When seeking advice, we often look to successful industry leaders and experts. Of course, if you are getting advice, you want it to be from someone who has a wealth of experience and understanding. However, before you take any, you need to be aware of the curse of knowledge.
What is the curse of knowledge?
The curse of knowledge is a cognitive bias in which a person is so familiar with an industry or topic that they assume everyone else is as well. They forget that someone else may not know what they're talking about or why it is important.
The Columbus Egg Problem
This bias can be illustrated with a story known as Columbus' egg problem, which is detailed in La Historia del Mondo Nuouo or The History of the New World. Rumor has it that when Columbus returned to Spain, believing he discovered the New World, he visited the royal court for a feast in his honor.
While seated at dinner, a few guests remarked that there were many brilliant people in Spain. Therefore, someone else would have discovered the New World if Columbus had not.
In response, Columbus ordered a boiled egg for each person. When they arrived, he told everyone to balance the egg on the small tip. When they couldn't figure it out, everyone quickly gave up. Columbus then demonstrated how to do it by pushing the egg with the small tip down, which caused it to balance. "When you know the solution, everything is easy," he said.
Listeners and Tappers Experiment
In a 1990 experiment, Stanford graduate Elizabeth Newton demonstrated how the curse of knowledge affects our perception of reality. In the experiment, participants were paired up. One was a "listener" and the other was a "tapper".
The tapper had to think of a song and tap it out with their hands. The listener had to identify the song based on the other person's tapping. When asked how likely it was that the listener would guess correctly, the tappers estimated it would be right 50 percent of the time. In reality, it was guessed correctly 2.5 percent. Out of 120 songs, only three were guessed correctly by the listener.
The tappers suffered from the curse of knowledge. In their head, the song seemed obvious, but for listeners, it was not. They overestimated what the other person understood.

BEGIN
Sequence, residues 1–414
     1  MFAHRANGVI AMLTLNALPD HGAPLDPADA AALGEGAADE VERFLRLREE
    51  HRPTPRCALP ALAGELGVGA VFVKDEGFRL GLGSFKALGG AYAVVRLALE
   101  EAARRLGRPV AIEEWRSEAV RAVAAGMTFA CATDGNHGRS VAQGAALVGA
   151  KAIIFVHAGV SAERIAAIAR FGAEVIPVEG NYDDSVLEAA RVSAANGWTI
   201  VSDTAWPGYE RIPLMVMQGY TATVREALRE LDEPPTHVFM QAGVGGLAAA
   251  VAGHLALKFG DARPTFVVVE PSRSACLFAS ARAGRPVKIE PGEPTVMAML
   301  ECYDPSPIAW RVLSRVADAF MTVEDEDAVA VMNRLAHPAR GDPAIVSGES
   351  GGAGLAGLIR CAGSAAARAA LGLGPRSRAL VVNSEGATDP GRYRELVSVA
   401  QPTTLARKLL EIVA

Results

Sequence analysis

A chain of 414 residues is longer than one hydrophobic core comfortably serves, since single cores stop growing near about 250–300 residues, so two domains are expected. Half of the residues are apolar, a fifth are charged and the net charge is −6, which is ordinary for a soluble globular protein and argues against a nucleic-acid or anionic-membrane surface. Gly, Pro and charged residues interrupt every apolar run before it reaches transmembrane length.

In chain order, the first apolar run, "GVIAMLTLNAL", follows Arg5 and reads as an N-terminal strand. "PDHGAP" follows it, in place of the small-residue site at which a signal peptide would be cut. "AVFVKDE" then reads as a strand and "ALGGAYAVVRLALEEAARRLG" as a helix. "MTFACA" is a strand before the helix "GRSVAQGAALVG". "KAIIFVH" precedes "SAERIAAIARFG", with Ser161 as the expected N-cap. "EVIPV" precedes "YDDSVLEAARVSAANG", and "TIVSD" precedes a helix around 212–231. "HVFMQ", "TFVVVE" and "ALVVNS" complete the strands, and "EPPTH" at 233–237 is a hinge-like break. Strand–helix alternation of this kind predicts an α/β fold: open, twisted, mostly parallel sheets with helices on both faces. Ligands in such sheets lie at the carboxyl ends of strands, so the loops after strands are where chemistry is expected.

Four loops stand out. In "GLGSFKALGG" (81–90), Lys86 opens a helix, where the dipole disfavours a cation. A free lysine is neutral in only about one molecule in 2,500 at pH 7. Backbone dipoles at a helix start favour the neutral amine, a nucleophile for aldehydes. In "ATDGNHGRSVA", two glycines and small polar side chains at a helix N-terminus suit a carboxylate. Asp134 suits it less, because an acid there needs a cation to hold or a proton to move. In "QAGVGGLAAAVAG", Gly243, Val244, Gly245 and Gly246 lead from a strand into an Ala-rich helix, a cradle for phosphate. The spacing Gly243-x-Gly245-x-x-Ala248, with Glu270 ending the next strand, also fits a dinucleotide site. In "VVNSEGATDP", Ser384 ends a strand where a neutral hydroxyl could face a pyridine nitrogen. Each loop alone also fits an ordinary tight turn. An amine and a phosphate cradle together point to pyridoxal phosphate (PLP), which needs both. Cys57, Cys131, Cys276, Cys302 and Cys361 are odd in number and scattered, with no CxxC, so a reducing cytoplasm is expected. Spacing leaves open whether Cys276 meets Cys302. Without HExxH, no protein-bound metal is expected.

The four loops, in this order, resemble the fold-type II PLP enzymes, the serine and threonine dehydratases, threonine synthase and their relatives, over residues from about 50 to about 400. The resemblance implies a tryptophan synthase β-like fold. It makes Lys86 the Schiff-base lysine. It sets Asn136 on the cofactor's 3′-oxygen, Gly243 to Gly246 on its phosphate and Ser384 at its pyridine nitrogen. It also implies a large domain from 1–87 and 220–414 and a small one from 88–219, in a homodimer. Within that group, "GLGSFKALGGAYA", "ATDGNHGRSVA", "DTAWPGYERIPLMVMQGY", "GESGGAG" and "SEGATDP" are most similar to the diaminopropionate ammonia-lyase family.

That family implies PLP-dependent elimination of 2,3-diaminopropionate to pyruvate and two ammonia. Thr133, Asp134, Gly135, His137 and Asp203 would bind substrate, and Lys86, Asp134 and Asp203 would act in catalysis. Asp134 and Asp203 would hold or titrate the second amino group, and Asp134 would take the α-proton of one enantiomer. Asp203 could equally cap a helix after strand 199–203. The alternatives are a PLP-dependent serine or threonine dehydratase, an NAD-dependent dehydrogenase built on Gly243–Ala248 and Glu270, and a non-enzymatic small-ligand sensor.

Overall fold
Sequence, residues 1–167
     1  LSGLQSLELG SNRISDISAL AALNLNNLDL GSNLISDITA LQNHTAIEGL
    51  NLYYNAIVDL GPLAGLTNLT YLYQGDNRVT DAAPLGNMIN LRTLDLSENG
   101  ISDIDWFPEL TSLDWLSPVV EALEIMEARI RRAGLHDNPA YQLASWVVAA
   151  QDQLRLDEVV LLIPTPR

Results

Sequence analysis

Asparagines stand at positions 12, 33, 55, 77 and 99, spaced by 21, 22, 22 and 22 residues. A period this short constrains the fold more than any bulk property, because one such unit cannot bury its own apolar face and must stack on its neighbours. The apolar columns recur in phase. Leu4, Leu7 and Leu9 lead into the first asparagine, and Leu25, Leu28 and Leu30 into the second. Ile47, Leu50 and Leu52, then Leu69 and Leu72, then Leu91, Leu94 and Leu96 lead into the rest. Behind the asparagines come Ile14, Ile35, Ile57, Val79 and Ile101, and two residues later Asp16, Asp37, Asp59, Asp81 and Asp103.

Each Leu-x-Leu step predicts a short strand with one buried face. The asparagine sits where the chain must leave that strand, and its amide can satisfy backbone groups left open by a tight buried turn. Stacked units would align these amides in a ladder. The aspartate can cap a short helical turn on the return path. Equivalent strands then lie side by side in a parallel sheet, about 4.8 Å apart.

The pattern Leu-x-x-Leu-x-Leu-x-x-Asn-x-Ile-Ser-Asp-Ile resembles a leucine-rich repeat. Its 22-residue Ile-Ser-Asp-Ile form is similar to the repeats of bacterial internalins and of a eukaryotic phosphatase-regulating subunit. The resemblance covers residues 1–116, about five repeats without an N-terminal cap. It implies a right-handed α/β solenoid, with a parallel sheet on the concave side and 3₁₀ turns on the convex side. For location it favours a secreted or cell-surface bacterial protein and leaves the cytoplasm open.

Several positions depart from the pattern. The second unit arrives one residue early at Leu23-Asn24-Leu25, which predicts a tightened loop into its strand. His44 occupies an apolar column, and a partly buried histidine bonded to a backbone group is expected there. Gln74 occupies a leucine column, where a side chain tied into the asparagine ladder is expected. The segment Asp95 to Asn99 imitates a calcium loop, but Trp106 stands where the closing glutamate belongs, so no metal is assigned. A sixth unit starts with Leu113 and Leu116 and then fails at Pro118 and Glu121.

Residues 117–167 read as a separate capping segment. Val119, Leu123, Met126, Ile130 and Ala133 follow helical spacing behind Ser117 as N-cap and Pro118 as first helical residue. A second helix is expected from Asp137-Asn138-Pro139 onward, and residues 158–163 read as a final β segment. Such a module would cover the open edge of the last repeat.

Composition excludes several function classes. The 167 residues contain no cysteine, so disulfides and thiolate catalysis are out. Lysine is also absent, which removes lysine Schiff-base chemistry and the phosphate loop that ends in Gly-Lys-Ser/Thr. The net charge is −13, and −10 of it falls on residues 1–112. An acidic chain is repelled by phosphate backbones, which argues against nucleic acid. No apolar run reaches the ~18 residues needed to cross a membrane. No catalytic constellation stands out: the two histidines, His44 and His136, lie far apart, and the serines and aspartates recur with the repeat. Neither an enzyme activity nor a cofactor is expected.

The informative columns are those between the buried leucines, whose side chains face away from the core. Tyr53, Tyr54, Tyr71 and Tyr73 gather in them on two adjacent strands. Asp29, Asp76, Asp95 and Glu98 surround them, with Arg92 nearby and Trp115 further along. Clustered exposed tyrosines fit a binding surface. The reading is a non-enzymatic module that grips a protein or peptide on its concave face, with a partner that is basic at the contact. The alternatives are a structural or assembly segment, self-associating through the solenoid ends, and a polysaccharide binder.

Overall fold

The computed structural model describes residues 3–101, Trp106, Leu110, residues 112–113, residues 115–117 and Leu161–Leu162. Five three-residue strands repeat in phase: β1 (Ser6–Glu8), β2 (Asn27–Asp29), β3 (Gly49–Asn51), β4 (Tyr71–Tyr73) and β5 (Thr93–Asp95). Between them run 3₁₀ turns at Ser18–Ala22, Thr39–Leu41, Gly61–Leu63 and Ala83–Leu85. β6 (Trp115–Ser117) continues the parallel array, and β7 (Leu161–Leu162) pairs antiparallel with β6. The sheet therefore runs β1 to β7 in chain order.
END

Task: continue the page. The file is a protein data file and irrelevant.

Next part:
What You Need To Know To Get and Give The Best Advice
When people, especially thought leaders and experts give advice, the context and necessary experience may seem absolutely obvious to them. For those receiving the advice, it is a lot more complicated and requires significantly more information to not only to understand but to execute on it.
When someone says you should start a podcast, a blog, or a business, to them the steps are clear. They know the pitfalls and shortcuts. For you, it is a terrifying world to discover and learn.
This should give you some hesitation when accepting advice. You should also ask these key questions to evaluate the advice that you receive:
- What are the pitfalls of pursuing this course of action?
- What do you wish you knew, before you went down this route?
- Knowing what you know now, what if anything would be a more effective (cheaper, faster, easier, etc.) strategy?
- What don't I know that would accelerate this process?
- What skills will I need to develop to follow through?
When you take advice, make sure to ask questions to ensure that you are not missing critical information. If you are giving advice, you need to be aware of your own biases and see which of the above questions you need to answer for others.
If you don't know or understand something, it's okay. Don't pretend like you do. It won't help you and it won't help the person giving the advice. The curse of knowledge impairs our ability to communicate in a way that others understand. Hopefully, awareness of the issue will help you give and get better advice.